Covenant Reformed News
April 2016 • Volume XV, Issue 24
Fearing Man and Forgetting God (1)
“I, even I, am he that comforteth you: who art thou, that thou shouldest be afraid of a man that shall die, and of the son of man which shall be made as grass; and forgettest the Lord thy maker, that hath stretched forth the heavens, and laid the foundations of the earth; and hast feared continually every day because of the fury of the oppressor, as if he were ready to destroy? and where is the fury of the oppressor?” (Isa. 51:12-13).
The practical importance of these inspired words rests upon three facts. First, we are tempted to fear, to fear man. Second, we are sinfully inclined to forget, to forget God. Third, we are tempted to fear man and forget God because of Babylon. Over a century after Isaiah’s prophecy, Israel was taken captive to Babylon. We too live in the Babylon of this evil world, which in 1,001 ways encourages and commands us, “Fear man! Forget the Lord!”
We also need to understand that the verses quoted above constitute part of Jehovah’s response to Israel’s earnest prayer for God to “awake” and wield His mighty arm to redeem His people, as He did when He destroyed the Egyptians at the Red Sea (9-10). Not only does Jehovah promise to ransom His beloved church (11) but He also addresses their fears. Our gracious Father is very practical here, showing His care for His children. He knows that His people’s request for deliverance is mixed with some sinful fear of man, for He sees the hearts of all.
Thus God provides Israel with a twofold comfort. First, He promises to redeem them (a direct answer to their stated request). Second, He addresses their fears (an important response to their unstated struggle).
Various lessons arise out of this for us today. We see here that true believers can and do struggle with the fear of man, to varying degrees and at certain times. You must not think like this: “There is some fear of man in my heart. Therefore, I am not a Christian.” Just look at Israel here. In Isaiah 51, the saints make a powerful and persuasive prayer (9-10), yet God detects some unbelieving fears in their hearts (12-13).
We also learn from this passage that our prayers, even godly prayers, may arise in connection with our fears. So do not think like this either: “There is some sinful fear in my heart. Therefore, God will not hear my prayers.” For what do we learn regarding Israel in Isaiah 51? That Jehovah answered their requests (11-16), despite the fact that their prayers were mixed with some fear of man.
All this encourages us to go to our heavenly Father when we are troubled and fearful. Jehovah alerts Israel to her fears and helps her against them (7-8). Israel prays for redemption (9-10). God promises to ransom her (11) and reasons with her about her fears (12-13). He works in a similar fashion with us too!
When we are afraid or anxious, we must not be reticent in approaching His face or in admitting our unbelieving fears to Him (and seeking His forgiveness and strength to overcome our fears). By His grace, He pardons us and sanctifies us and comforts us. From your reading, singing and meditating upon the Psalms, you know of the many times the Psalmist did this and found relief in his God. We must heed the blessed exhortation: “Let us therefore come boldly unto the throne of grace, that we may obtain mercy, and find grace to help in time of need” (Heb. 4:16)!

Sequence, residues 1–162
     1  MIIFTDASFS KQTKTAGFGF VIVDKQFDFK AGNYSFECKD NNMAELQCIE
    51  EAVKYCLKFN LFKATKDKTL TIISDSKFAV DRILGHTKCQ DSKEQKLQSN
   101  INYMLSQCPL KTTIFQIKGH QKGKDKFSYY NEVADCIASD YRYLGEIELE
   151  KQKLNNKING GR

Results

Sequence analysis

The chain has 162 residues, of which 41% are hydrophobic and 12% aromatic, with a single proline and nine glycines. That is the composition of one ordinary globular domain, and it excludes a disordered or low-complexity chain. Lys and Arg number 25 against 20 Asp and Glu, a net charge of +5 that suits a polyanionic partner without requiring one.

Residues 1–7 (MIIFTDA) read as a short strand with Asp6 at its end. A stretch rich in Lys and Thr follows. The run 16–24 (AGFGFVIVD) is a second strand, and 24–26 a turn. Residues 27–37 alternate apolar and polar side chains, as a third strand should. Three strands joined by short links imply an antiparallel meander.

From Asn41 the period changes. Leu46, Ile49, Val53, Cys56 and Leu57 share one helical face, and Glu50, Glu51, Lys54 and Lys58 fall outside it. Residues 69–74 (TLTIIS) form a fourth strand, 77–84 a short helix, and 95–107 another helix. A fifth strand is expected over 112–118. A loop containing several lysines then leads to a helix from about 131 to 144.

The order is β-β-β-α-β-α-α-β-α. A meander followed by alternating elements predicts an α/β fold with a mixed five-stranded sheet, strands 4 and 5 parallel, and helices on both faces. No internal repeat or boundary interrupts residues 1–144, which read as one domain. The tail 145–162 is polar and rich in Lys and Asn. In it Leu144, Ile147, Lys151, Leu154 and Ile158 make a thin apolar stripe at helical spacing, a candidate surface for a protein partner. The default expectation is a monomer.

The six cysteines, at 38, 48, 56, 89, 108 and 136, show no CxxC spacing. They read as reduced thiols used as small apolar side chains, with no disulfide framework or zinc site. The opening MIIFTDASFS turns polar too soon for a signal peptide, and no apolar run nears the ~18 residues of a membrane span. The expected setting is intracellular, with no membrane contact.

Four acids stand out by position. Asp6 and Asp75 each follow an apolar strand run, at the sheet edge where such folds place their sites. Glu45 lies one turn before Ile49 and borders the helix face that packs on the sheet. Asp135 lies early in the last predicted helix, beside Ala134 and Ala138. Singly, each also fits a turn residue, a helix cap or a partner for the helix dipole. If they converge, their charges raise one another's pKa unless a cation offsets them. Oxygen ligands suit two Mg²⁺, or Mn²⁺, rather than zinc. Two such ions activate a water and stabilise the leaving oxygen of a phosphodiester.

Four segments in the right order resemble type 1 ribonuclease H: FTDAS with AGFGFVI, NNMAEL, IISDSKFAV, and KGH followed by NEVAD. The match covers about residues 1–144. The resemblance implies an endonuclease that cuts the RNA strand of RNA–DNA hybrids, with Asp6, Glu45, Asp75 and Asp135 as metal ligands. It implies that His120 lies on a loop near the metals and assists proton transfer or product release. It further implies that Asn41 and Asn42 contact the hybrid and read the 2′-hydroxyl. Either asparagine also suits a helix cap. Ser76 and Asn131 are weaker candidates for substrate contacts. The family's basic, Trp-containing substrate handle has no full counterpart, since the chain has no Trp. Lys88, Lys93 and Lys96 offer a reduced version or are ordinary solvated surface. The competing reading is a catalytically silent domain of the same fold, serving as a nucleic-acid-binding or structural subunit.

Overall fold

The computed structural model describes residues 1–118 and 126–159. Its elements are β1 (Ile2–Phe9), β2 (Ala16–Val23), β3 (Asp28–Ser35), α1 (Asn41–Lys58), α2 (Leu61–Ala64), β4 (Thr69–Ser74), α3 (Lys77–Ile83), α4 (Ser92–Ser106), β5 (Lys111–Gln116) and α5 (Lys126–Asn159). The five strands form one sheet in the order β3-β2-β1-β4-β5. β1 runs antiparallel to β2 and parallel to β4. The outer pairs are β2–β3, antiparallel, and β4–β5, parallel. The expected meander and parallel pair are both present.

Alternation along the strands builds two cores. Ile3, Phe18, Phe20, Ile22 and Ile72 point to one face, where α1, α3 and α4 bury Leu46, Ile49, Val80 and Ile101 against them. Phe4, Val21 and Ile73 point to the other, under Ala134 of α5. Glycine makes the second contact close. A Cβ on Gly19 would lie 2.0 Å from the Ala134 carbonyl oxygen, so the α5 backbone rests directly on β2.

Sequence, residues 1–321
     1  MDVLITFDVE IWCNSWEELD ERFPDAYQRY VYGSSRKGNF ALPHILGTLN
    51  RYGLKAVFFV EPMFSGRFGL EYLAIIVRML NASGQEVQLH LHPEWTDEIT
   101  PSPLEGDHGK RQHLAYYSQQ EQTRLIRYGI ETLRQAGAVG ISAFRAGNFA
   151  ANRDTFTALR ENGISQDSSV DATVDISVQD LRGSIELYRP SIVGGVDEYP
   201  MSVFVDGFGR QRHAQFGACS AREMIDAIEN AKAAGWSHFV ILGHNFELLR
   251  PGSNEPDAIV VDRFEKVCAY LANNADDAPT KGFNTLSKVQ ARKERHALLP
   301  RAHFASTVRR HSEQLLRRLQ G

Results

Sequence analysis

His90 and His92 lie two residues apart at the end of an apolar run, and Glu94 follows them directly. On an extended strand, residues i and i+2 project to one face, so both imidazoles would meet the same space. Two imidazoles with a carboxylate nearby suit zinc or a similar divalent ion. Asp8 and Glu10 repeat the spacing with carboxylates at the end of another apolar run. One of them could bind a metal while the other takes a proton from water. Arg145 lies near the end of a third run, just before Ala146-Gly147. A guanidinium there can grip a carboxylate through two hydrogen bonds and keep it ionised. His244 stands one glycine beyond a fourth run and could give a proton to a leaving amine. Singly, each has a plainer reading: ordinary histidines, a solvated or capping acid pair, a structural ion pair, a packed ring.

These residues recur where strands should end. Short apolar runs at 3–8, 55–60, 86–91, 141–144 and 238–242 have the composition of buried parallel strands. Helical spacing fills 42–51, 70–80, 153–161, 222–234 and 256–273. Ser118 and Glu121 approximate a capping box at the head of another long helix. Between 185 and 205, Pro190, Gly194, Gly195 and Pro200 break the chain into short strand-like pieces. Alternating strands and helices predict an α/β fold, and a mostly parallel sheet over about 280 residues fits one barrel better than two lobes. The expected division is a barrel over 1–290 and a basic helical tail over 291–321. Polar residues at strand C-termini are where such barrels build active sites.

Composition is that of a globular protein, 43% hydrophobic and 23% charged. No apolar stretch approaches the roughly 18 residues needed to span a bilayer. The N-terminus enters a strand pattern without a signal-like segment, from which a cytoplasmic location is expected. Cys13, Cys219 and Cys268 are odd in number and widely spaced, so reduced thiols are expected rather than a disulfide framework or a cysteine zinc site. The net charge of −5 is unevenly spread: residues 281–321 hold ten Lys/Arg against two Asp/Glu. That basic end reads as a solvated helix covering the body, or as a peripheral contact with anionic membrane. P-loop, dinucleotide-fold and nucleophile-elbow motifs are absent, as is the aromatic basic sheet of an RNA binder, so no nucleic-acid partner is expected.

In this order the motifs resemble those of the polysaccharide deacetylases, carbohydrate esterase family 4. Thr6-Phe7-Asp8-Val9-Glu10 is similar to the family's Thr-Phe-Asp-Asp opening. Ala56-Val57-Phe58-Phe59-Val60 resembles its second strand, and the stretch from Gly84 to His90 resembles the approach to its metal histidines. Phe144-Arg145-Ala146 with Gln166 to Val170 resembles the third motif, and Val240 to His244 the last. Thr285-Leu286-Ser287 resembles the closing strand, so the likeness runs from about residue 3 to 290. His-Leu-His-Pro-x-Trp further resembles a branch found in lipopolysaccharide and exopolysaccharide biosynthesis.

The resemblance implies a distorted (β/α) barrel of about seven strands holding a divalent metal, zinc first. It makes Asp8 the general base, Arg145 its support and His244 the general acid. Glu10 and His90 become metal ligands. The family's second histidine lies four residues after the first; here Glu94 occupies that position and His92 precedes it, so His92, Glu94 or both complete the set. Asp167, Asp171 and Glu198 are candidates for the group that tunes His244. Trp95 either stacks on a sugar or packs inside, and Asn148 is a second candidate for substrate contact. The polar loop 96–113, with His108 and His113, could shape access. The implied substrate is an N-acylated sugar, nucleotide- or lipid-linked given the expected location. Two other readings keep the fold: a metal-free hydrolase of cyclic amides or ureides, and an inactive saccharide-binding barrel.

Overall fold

It is easy to understand how the Jews were tempted to fear ancient Babylon. Theirs was the army that destroyed Judah and Jerusalem. Babylon was possessed of military power, an imposing legal system and hugely impressive buildings. Babylon was confident in, and proud of, its achievements and abilities. This ethos was evident throughout its mighty empire. This is not unlike the modern Babylon of the world in our own day!
Yet the prophet’s question to Israel is devastating: “who art thou, that thou shouldest be afraid of a man that shall die” (Isa. 51:12)? For all his pomp, man, even at his best and his most powerful, is mortal. All men have died or are going to die. The great Nebuchadnezzar of Babylon has mouldered for over 2,500 years. Likewise, the grave awaits all those who frame ungodly laws to advance their sins and their power. Even the richest and most outwardly prosperous children of Adam are subject to weakness and sickness, pain and ageing—the precursors of death and the everlasting hell that awaits all those who remain impenitent in their sins, and do not seek mercy and forgiveness in the cross of Christ alone.
From the playground bullies to the leaders of our age who misrepresent or mock the Christian faith, and all the wicked who are so highly praised and extolled in our day, as well as the ungodly legislators and rulers of our wicked world—all are mortal and will one day have to stand before the glory of God manifest in the Lord Jesus Christ in order to be judged for every thought, word and deed.
Isaiah 51:12 adds that they “shall be made as grass.” The ungodly are fragile and transient, like grass which is cut down and withers away in the desert heat (Ps. 90:5-6), unlike the Word of our God which stands for ever (Isa. 40:6-8).
This is man, fallen and frail man, who is a “son of man” (51:12), just like his father and his father before him: weak, mortal and under God’s wrath. So do not fear him, even if he is rich, attractive and powerful. “Fear God” instead (Ecc. 12:13)! Rev. Stewart